• Compassionate Friends - Support group for parents bereaved through suicide. Email Rosemary Wilson at: p.wilson34@ntlworld.com, 7.30pm – 9.30pm Cambridge 1st Tues of each month

Websites +

  • Hub of Hope - A place to go to for those who are struggling, to locate the nearest service available to you, as well as national organisations. A web based app makes it as easy as possible for people to find help and support around them.  Simply enter the post code and search.
  • Support After Suicide - For everyone. We are a network of organisations who support people who are affected by suicide.

  • If U Care Share - IUCSF offers the opportunity to speak to other people who have life experience around suicide. We offer 1 to 1 practical and emotional support. We are also available to offer practical advice on the procedures that take place when there is a death by suicide. Helpline: 0191 387 5661

  • Bereavement UK - We aim to provide you with bereavement support and information when you need it the site is available at your fingertips.

  • Students Against Depression - Students Against Depression provides you with the resources you need to find a way forward from stress, low mood, depression or suicidal thinking.

  • The Way Foundation - For men and women aged 50 or under when their partner died. It’s a peer-to-peer support group run by a network of volunteers who have been bereaved at a young age themselves.

  • NHS Choices - For everyone.  It may be difficult at this time, but it's important to know you're not beyond help and you're not alone.  Many people who've had suicidal thoughts have found with support and treatment they have been able to allow the negative feelings to pass.

  • CHUMS - CHUMS Mental Health & Emotional Wellbeing Service for Children and Young People provides therapeutic support in a variety of ways.

  • Alliance of Hope - For Suicide Loss Survivors provides healing support for people coping with the shock, excruciating grief and complex emotions that accompany the loss of a loved one to suicide.

  • Keep Your Head - Keep Your Head brings together reliable information on mental health and wellbeing for children, young people and adults across Cambridgeshire & Peterborough.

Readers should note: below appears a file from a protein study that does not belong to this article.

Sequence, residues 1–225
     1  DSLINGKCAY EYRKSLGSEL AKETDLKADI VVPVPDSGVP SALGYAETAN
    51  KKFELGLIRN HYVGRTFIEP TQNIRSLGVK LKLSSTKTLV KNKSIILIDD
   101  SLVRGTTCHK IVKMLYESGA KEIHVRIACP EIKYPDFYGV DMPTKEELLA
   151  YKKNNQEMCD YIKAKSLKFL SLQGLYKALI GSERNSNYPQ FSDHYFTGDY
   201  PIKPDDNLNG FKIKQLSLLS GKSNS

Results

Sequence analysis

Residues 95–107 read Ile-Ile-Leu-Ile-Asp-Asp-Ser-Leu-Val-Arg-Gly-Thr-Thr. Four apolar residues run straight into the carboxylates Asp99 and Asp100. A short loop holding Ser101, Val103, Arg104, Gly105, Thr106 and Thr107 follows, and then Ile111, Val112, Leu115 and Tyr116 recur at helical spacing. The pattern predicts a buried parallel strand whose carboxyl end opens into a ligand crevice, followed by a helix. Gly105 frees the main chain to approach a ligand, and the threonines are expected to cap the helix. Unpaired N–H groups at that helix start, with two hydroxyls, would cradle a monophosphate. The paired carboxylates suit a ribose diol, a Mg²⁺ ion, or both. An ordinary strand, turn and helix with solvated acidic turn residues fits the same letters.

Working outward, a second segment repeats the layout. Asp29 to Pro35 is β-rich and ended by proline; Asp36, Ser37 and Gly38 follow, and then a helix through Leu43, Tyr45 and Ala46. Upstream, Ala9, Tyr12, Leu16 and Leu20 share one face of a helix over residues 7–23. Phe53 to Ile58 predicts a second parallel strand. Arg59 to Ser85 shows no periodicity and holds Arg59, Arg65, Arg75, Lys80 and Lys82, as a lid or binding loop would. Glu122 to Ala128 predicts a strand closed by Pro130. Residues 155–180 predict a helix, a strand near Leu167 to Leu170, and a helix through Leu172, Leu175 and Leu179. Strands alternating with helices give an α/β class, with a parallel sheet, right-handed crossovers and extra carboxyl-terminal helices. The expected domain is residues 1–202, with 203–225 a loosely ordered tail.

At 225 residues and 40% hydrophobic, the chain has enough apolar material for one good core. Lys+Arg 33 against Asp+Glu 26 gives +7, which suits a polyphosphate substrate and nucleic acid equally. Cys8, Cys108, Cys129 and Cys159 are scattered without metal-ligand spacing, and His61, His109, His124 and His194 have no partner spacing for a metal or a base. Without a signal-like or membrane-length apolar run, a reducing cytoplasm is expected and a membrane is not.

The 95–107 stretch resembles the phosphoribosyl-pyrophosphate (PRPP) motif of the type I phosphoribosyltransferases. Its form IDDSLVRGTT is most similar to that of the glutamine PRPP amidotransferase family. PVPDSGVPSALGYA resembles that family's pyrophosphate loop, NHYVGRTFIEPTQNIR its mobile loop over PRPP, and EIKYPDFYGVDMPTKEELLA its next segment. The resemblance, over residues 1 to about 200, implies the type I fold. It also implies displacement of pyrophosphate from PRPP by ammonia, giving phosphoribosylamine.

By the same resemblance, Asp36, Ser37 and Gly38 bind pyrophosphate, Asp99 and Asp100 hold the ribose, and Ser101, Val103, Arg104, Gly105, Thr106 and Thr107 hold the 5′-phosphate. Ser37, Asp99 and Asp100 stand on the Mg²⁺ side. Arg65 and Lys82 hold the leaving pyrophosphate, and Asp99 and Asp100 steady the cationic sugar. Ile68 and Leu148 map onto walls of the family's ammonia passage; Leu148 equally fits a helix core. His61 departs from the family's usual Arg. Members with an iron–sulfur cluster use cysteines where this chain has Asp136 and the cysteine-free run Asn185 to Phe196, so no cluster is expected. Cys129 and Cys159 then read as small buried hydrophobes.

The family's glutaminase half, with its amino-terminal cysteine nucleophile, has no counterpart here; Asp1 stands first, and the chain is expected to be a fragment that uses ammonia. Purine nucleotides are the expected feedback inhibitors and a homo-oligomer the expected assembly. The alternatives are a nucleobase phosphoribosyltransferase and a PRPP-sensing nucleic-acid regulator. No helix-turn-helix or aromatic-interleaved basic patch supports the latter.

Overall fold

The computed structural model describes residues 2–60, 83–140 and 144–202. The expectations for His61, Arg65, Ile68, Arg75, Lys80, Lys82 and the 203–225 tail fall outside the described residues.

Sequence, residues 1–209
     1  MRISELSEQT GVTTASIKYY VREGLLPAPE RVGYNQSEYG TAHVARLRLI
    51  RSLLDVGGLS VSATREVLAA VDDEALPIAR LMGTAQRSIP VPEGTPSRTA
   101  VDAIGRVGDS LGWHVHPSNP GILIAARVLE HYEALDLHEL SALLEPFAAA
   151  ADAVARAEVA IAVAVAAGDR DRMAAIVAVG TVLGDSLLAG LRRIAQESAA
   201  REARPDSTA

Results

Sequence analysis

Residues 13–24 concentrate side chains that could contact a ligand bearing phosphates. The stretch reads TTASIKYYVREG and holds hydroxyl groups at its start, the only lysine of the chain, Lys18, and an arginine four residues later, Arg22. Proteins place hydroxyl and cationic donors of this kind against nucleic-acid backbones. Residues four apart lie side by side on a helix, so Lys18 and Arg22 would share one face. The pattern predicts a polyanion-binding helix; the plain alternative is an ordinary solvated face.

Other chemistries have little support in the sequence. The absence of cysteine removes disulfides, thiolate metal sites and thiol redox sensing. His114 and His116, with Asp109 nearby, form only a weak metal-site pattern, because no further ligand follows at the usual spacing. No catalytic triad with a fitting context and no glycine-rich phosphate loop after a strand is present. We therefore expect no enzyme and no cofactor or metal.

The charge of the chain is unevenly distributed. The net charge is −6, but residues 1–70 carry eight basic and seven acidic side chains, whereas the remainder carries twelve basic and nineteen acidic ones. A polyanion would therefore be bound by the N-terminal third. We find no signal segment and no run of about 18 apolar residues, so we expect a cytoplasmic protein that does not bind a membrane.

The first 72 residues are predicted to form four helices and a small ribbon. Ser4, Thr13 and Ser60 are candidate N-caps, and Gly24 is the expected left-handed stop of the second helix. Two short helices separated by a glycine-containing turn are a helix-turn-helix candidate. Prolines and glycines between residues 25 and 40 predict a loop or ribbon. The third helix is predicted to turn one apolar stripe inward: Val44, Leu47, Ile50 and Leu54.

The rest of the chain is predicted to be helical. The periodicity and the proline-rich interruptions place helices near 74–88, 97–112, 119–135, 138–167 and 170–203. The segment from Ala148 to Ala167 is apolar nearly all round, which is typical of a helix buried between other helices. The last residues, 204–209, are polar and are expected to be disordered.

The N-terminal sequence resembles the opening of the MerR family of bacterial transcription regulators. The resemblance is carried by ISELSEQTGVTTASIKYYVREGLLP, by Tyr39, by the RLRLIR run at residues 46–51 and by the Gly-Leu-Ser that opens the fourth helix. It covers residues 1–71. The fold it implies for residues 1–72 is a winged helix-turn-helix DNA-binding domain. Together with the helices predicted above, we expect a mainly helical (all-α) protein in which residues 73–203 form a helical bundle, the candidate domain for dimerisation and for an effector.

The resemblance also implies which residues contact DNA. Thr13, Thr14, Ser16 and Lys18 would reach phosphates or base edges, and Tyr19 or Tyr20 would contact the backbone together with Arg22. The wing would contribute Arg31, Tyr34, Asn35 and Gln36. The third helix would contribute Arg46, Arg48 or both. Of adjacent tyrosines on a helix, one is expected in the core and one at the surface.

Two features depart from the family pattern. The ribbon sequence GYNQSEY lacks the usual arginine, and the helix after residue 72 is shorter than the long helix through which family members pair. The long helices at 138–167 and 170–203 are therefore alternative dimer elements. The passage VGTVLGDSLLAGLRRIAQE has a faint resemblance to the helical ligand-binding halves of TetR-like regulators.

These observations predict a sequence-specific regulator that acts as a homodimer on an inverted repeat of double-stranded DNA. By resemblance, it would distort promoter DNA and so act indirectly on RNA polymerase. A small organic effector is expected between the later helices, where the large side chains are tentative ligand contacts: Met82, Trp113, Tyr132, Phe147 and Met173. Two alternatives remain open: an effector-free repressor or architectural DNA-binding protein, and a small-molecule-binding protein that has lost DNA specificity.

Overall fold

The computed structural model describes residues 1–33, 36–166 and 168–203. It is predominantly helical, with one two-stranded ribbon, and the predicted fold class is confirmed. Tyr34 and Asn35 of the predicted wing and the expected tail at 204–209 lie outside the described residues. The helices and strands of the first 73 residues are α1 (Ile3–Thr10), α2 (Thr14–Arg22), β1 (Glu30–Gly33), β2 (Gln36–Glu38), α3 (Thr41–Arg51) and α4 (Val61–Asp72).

Books and Literature +

  • Making Peace with Suicide: A Book of Hope, Understanding, and Comfort by Adele Ryan McDowell, Whiteflower Press
  • Healing After the Suicide of a Love One by Ann Smolin, Simon & Schuster
  • Healing After the Suicide of a Relative by Ann Smolin, Simon & Schuster
  • A Special Scar: The Experiences Of People Bereaved By Suicide by Alison Wertheimer, Taylor & Francis Ltd
  • No Time to Say Goodbye by Carla Fine, Bantam Doubleday Dell 
  • Dying to Be Free: A Healing Guide for Families After a Suicide by Cobain & Larch, Simon & Schuster
  • Making Peace with Suicide: A Book of Hope, Understanding, and Comfort by Edwin S Shneidman, Oxford University Press
  • Silent Grief: Living in the Wake of Suicide by Lukas & Seidon, Jessica Kingsley
  • Touched by Suicide: Hope and Healing After Loss by Myers & Fine, Jessica Kingsley

General Grief Books and Literature

  • Death and how to survive it. A practical and uplifting guide to coming to terms with the loss of your partner. by Boydell,K (2005), London Vermilion
  • Widow to Widow. Thoughtful, Practical ideas for Rebuilding Your life by Ginsburg, GD (1997), Tuscon AZ: Fisher Books
  • Overcoming Grief: Joining and Participating in a Bereavement Support Group by Munday J S (2005), Skokie IL : ACTA Publications
  • I  Wasn’t Ready to Say Goodbye by Noel & Blair PA (2008), Naperville IL Sourcebooks
  • My True Son An anthology by Hartley Jill (2008), Morleys Print and Publishing
  • Aspects of Loss. A companion for Bereaved Parents and their families by Hartley Gill. ( 2011), Morleys Print and Publishing

*Some information gathered from www.nhs.uk and the services listed.

Taylorfitch website